A second series was made in 1990, and a feature film was produced in 2004. I first came to Japan as a high school exchange student in 1987, and basically learned to speak Japanese from the endless reruns on the telly. Even now, I quiver when I hear the highly emotive Japanese cover of Bonnie Tyler’s “Holding Out for A Hero,” the show’s mega hit theme song.
The Legacy of Yoshiharu Yamaguchi
The plot is set in the 1970s and is based on the true story of legendary rugby coach, Yoshiharu Yamaguchi. A Japanese national rep, he played his last game against England’s Under-23 side in 1973 at Twickenham. From flanker, his next position was schoolteacher at a rather low decile school in Fushimi, Kyoto, not too far from where I live now, as it happens.
Stuck between a ruck and a hard place he focused on changing the fortunes of the school. And somehow, beyond all plausible odds, he managed to make fine young men of the delinquents under his charge through the doctrine of rugby.
He is portrayed in the drama by the charismatic Yamagami Shoei. As the story goes, Yamagami is headhunted by the despairing principal to take on mission impossible and coach the rugby team. Predictably, the problematic students are as resistant to any whiff of discipline as superbugs to penicillin, and the violence enacted in the school grounds makes an All Black vs. Springbok match seem like little more than a pillow fight at a sleepover.
While Yamagami was disheartened and on the verge of giving up, his wife plucks the right strings in his heart and persuades him to give it another crack. Thanks to his wife’s wise counsel, he has an epiphany and firms up his resolve to bring sunshine to Fushimi First Industrial High School or die trying.
Slowly gaining the support of hitherto browbeaten staff members, Yamagami sets about strategically recruiting the most felonious and vicious students into the rugby fold. Like breaking in wild stallions, each episode draws the viewer into the trials and tribulations of the gradual turnaround.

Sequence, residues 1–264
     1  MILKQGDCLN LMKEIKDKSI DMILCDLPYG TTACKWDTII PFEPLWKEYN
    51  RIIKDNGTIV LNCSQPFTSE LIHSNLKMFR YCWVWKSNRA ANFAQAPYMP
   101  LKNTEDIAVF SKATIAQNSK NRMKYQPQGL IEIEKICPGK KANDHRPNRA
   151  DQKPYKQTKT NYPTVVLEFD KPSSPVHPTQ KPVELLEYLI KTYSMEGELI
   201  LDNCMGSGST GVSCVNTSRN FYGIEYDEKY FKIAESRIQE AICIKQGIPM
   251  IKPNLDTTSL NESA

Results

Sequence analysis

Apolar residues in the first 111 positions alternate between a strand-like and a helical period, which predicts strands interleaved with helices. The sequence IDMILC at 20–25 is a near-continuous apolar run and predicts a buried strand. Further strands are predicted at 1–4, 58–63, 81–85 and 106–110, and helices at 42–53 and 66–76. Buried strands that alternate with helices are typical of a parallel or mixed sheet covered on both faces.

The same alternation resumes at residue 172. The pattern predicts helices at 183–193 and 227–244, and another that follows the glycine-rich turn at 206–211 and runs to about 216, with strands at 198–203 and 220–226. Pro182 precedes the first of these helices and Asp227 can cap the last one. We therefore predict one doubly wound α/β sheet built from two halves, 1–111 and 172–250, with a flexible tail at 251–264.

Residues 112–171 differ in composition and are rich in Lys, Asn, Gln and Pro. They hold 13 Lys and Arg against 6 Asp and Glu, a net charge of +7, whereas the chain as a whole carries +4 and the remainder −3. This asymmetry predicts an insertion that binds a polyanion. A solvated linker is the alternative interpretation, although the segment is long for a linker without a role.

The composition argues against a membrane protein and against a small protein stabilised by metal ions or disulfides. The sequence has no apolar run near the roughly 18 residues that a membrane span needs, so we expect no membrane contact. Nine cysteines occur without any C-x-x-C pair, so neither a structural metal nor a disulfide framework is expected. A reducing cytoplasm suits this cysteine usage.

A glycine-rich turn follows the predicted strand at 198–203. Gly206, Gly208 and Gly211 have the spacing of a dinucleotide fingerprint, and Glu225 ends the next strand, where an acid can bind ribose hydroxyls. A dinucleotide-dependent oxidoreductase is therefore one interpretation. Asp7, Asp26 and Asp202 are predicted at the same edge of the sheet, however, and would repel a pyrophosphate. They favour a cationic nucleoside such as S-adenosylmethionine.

There is vicious bullying tempered by intense male bonding, mandatory feminine touches to quell the unbridled testosterone-fueled brutality, love-fueled slaps across the face (by the coach), rebellious teenage punches to the choppers (against the coach), the sad death by brain tumor of Isoppu, the team’s sickly rugby fanatic, adolescent love stories, and lots and lots of tears. Blood and sweat are a given.
Actually, coach Yamagami cried the most, hence the series subtitle “Crybaby Coach’s Seven-Year War!” It has it all.
And the team’s fortunes on the field? After finally starting to look like a team, they lose their first match 112-0. Like pouring gasoline on a fire, this ignited and united their spirits into one. They were on a mission now. A quest that meant each member had a common goal to be the best they possibly could as players and people, not for themselves, but for the team.
The team becomes their gang of choice, and all previous cavorting with gangsters and other unsavory thugs is relegated to a distant embarrassing memory. One arrow can be snapped, but 15 will not yield, and yield they did not. They finally go on to win the 1976 Kyoto Prefecture High School Rugby Tournament. True story.
The 2019 Tournament: Bring on the Heroics
You can’t script this kind of sentimental claptrap, but it really happened. School Wars was much more than a tale about some bad eggs learning how to play rugby. It was a chronicle of hope, honor, friendship, overcoming personal demons, and defeating all odds at times of seemingly insurmountable adversity.
It was a narrative of the vicissitudes of life. It was a statement of the potency of “all for one, and one for all.”
I saw it again recently and it sure has dated. The mere thought of a coach slapping a student across the face now, for example, would land him/her in a mountain of strife. The times have changed, but the legend lives on in Japan.
Now, can you imagine what it must have felt like for Japanese rugby fans when Japan was thrashed by the All Blacks 145-17 at RWC 1995, and then stunned the Springboks at RWC 2015? Look at their faces on YouTube at the sound of the final hooter. Those tears of joy are straight from School Wars.
Bring on the heroics at RWC 2019. This tournament promises to be the start of a new era in Japanese rugby.
Author: Alex Bennett